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Generalized Anxiety Disorder

October 27, 2017

         GAD, conventionally known as ‘Generalized Anxiety Disorder’ affects a measured 3 million people in the U.S alone each year. Women are conclusively more likely to suffer from this form of mental illness than men. GAD is often accompanied by other co-occurring mental illnesses such as other anxiety disorders, depression, and/or substance abuse, making it highly unlikely to just occur alone. Generalized Anxiety Disorder is characterized by persistence, uncontrollable excessive worries (usually irrational) that interfere with daily life, activities, or events. Anticipating and worrying is often largely focused on concerns about money, health, family, work, disasters (anticipated), friendships, relationships; basically everyday matters. Being very common, there are wide ranges of treatment/treatment options available to those affected to alleviate symptoms and make living with GAD tolerable.   

         At this point in time you may be thinking about some commonly asked questions. What are the signs and symptoms of GAD? What causes GAD? How do I know if I have GAD? When is the proper time to seek help and treatment? Well lucky for you, as a sufferer myself and the help of the internet, I can answer all of your questions.

 

Individuals affected may experience a wide range of symptom(s) which are listed here below:

  • Tiredness & fatigue

  • Fidgeting & trembling 

  • Headaches

  • Numbness (most likely in hands & feet)

  • Muscle tension

  • Difficulty swallowing

  • Digestive issues (upset stomach, vomit, diarrhea)

  • Difficultly breathing & concentrating 

  • Irritability & restlessness & on edge 

  • Sweating & hot flashes

  • Rashes

  • Insomnia & other sleep disturbances 

  • Rapid heart rate

  • Feeling faint or dizzy

  • Inability to control the anxiety 

 

         What causes GAD? GAD tends to come on gradually, making those in childhood and middle age the highest at risk. The exact cause is actually still being studied. However, what we do know with evidence provided is that biological factors, chemical imbalances, family background, genetics, substance induced, & life experiences definitely play a role.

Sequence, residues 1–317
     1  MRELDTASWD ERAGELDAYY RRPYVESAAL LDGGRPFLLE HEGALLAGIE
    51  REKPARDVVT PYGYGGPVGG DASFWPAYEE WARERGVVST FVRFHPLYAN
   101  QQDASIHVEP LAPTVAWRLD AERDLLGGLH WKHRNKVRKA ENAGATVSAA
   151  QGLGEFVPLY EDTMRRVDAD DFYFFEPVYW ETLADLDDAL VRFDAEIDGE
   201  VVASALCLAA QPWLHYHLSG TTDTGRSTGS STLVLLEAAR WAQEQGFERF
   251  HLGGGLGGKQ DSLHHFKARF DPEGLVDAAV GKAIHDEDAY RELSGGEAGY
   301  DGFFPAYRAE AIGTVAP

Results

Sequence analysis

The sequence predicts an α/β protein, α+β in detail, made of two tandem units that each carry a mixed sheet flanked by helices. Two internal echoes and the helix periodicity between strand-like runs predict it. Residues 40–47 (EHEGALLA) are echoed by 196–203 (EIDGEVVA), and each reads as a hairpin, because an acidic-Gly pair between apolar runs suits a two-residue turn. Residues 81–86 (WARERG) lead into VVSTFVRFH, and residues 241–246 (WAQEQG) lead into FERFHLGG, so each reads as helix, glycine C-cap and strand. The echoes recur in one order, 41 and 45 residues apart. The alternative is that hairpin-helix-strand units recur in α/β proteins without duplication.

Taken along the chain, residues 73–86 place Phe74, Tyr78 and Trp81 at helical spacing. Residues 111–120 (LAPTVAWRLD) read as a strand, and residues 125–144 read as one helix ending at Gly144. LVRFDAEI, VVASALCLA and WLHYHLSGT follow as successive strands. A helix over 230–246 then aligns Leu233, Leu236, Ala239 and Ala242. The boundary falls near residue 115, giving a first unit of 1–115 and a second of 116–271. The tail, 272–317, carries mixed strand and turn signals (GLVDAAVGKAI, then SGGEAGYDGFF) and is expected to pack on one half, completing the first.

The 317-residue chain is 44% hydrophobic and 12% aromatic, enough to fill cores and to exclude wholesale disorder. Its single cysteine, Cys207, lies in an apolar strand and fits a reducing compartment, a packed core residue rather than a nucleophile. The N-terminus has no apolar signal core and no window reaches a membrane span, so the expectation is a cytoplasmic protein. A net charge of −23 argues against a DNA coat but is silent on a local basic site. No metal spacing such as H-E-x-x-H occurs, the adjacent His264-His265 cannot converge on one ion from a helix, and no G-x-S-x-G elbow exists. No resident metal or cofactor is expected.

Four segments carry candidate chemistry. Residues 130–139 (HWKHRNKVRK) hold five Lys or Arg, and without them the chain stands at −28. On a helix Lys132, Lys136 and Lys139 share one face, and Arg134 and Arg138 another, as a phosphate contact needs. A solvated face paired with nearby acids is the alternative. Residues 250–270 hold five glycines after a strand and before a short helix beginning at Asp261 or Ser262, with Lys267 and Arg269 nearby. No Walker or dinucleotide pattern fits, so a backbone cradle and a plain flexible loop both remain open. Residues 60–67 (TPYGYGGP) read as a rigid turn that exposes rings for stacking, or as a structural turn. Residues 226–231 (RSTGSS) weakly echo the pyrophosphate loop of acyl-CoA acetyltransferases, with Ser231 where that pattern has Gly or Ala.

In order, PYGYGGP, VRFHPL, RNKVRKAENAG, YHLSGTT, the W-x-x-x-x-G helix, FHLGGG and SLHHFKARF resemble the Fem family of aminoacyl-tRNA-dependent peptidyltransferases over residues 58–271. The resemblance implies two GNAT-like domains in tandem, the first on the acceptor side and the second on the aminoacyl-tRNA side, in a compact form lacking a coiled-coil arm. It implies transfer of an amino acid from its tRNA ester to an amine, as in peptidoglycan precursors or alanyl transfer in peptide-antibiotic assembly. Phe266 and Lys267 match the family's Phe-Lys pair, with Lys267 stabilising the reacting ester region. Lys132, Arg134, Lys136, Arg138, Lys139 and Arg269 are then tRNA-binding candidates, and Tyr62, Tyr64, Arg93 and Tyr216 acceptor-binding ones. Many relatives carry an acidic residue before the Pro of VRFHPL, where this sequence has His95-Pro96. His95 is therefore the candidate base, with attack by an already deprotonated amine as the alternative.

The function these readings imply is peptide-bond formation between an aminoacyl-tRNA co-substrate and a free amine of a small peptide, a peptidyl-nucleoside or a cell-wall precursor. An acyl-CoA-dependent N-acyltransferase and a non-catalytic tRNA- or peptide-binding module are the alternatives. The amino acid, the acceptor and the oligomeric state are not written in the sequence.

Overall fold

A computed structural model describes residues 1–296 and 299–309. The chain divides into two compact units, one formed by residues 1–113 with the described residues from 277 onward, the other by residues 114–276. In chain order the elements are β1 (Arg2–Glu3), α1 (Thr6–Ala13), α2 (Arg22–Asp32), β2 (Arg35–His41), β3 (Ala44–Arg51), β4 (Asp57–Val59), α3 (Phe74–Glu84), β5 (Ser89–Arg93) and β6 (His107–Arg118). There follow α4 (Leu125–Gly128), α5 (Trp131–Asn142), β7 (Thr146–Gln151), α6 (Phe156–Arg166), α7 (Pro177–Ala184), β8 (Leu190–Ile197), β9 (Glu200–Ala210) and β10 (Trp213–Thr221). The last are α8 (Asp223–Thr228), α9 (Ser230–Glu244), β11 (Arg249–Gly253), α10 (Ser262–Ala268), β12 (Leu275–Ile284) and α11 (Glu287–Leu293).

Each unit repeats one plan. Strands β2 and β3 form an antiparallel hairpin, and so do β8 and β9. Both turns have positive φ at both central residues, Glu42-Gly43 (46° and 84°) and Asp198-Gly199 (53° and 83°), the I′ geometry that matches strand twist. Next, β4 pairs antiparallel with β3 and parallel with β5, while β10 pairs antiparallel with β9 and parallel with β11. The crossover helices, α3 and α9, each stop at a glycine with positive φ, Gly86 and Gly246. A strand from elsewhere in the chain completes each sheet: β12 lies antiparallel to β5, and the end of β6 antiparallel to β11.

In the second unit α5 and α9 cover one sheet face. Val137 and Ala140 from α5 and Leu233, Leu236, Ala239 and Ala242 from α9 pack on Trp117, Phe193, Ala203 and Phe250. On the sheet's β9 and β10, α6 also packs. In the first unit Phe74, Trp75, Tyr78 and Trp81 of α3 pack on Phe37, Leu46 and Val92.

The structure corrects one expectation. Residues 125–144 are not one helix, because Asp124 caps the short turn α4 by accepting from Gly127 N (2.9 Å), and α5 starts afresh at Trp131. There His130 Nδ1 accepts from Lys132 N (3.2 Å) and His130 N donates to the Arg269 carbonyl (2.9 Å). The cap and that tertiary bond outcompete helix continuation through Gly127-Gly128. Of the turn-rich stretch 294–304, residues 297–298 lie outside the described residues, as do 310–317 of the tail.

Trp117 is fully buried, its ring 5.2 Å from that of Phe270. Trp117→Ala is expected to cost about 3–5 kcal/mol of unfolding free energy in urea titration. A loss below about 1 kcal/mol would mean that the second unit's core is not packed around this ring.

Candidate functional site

The best way to determine if you are suffering from GAD is to get properly diagnosed by a doctor, psychiatrist, psychologist, etc. They will use a test called the DSM-5 Criteria & the ICD-10 Criteria to properly and correctly diagnose you.

         Do you feel as though your anxiety and thoughts are controlling every aspect of you living your life? If so, it is time to seek help. Treatment comes in various forms. Whether it is seeing a therapist to work on coping skills/activities using CBT(Cognitive Behavioral Therapy) or seeing a psychiatrist and having the option of being medicated.

 

         Personally, my story may or may not be different than yours. I’ve had anxiety and GAD since I was 11 years old making that a total of 10 years living with this mental illness. It took many trial and errors for me from therapy to medication. I am definitely still dealing with my GAD on a regular basis but since I got help, it has bettered my situation. 

         If you or someone you know thinks you may be suffering from GAD I suggest talking to a healthcare professional, family, or friends to get the proper treatment for your needs. You aren’t alone and you don’t need to suffer alone. Things will get better in time!

 

 

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